In this Washington Post interview, Lally Weymouth asks the newly-elected Prime Minister of Australia, Tony Abbott, his views on a variety of subjects. Of particular interest to Crony Chronicles was his response to the following question:
That is part of diversifying the economy?
Andrew Evans from the Free Beacon has recently posted this article, concerning the latest case of corporate welfare that involves the Ex-Im bank. The Export-Import Bank has recently extended a $32 million financing support, to the sale of helicopters made by an Italian company whose boss has been arrested earlier this year on charges of bribery.
Export-Import (Ex-Im) Bank president Fred Hochberg announced on Twitter Tuesday that the Ex-Im board approved $32 million in financing to support the export of three AgustaWestland helicopters to Brazil. Ex-Im spokesman Phil Cogan said this financing will take the form of a loan guarantee backing another lender.
AgustaWestland, based in England, is a subsidiary of the Italian aeronautics manufacturer Finmeccanica, in which the Italian government holds a 30 percent stake.
The CEOs of Finmeccanica and AgustaWestland were arrested in February on bribery charges related to the sale of several helicopters to the Indian government. They were both subsequently fired.
Diane Bartz from Yahoo News has recently reported about the new regulatory goals that Microsoft is trying to promote. Microsoft filed a motion in a U.S. court asking the U.S. Bureau of Customs and Border Protection to enforce and apply trade restrictions on importing phones manufactured by Google Inc. subsidiaries overseas; inhibiting broader possibilities to American consumers.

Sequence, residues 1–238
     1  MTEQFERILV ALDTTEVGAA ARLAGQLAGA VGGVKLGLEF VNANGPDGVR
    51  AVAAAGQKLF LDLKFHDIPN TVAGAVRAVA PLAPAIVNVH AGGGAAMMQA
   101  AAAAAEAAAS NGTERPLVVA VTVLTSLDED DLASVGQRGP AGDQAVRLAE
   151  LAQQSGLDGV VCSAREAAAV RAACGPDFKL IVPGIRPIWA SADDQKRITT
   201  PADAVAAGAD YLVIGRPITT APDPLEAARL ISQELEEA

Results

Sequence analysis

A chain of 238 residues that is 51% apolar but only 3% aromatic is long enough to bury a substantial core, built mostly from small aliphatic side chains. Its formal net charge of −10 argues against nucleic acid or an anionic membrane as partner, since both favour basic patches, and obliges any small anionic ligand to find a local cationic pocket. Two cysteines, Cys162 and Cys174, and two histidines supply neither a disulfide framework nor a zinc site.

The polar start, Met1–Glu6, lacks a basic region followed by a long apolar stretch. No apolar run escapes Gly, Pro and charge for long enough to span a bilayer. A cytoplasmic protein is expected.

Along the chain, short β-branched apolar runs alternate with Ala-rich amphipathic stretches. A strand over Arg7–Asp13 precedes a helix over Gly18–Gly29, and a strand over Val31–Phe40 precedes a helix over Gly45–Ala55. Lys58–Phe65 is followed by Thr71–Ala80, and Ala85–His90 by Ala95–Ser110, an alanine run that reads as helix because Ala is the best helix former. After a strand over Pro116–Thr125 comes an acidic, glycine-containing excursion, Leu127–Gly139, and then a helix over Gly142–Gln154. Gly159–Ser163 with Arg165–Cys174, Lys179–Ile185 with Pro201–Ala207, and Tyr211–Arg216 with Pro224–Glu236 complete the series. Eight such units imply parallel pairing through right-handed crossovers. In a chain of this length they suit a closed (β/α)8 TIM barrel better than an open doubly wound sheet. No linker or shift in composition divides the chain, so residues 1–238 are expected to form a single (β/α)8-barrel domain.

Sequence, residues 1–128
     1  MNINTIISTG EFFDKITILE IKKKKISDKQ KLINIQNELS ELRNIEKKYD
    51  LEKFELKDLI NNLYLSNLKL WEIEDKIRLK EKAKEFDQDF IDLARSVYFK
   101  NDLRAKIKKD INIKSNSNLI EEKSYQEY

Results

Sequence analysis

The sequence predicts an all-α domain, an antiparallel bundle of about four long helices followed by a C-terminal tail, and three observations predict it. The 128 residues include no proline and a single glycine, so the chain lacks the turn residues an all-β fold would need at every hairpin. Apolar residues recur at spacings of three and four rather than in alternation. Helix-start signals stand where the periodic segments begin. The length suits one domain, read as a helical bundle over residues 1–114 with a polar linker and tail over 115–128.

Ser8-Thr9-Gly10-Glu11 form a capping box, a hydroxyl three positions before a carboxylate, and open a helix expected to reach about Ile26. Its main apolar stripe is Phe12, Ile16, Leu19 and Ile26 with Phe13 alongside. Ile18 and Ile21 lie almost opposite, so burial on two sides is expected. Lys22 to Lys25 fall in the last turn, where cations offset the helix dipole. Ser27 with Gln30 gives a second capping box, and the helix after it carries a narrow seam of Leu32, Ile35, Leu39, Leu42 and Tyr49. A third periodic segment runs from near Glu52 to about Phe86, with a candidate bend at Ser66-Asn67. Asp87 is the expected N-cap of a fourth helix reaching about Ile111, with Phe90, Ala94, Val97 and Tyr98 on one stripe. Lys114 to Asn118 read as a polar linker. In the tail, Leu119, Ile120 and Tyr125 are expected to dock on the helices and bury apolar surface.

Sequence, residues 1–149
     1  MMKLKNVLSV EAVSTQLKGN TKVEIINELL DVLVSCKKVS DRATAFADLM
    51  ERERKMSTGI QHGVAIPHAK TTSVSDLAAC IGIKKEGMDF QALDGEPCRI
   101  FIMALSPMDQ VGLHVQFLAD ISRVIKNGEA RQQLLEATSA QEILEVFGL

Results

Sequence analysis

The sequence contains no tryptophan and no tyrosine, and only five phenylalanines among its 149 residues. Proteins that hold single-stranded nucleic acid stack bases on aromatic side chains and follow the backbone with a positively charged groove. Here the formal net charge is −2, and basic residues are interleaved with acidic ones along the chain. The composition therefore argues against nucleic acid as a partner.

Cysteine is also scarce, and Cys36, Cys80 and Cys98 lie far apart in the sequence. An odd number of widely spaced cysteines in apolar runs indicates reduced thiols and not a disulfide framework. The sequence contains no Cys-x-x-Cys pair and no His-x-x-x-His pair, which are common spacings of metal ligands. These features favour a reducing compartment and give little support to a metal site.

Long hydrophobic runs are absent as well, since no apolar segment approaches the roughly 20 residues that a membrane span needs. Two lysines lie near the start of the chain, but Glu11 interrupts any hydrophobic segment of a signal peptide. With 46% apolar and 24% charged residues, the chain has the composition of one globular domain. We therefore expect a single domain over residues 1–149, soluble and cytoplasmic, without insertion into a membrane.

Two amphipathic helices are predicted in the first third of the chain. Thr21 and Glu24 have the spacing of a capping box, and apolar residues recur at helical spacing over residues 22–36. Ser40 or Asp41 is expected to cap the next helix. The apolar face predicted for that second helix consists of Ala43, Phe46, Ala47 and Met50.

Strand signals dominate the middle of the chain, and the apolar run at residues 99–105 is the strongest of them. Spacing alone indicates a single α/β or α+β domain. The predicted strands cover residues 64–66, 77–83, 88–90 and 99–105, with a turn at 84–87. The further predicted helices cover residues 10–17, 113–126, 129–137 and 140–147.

The U.S. International Trade Commission, which hears a long list of high-tech patent complaints, said in May 2012 that Google’s Motorola Mobility infringed a Microsoft patent for generating and synchronizing calendar items. It barred any infringing Motorola Mobility device from being imported into the United States.
“U.S. Customs appropriately rejected Microsoft’s effort to broaden its patent claims to block Americans from using a wide range of legitimate calendar functions, like scheduling meetings, on their mobile phones,” said Matt Kallman, a Google spokesman.
Matthew Boyle from Breitbart.com has recently written the following article, highlighting how lobbying has reach a international – and questionable - scale in Washington D.C.
Public records show that Chinese company Huawei, a company accused of passing “intimate” information to the Chinese government, employed 18 lobbyists on Capitol Hill in 2012, including former Democratic Congressman Don Bonker of Washington.
Former CIA and NSA director and retired four-star General Michael Hayden told the Australian Financial Review (AFR) that telecommunications giant Huawei Technologies has passed information to the Chinese government.
Iain Murray and Alex McHugh from CEI have recently written the following piece, concerning the new proposed trade agreements between the United States and the European Union, the Transatlantic Trade and Investment Partnership (TTIP). This new TTIP is far from being a trade agreement that promotes free trade and competition.
EU negotiators have come to the table with directives in hand that include a blatantly protectionist “cultural exception” for the audiovisual industries, especially film.
The EU is removing import quotas on certain types of sugar. From Reuters: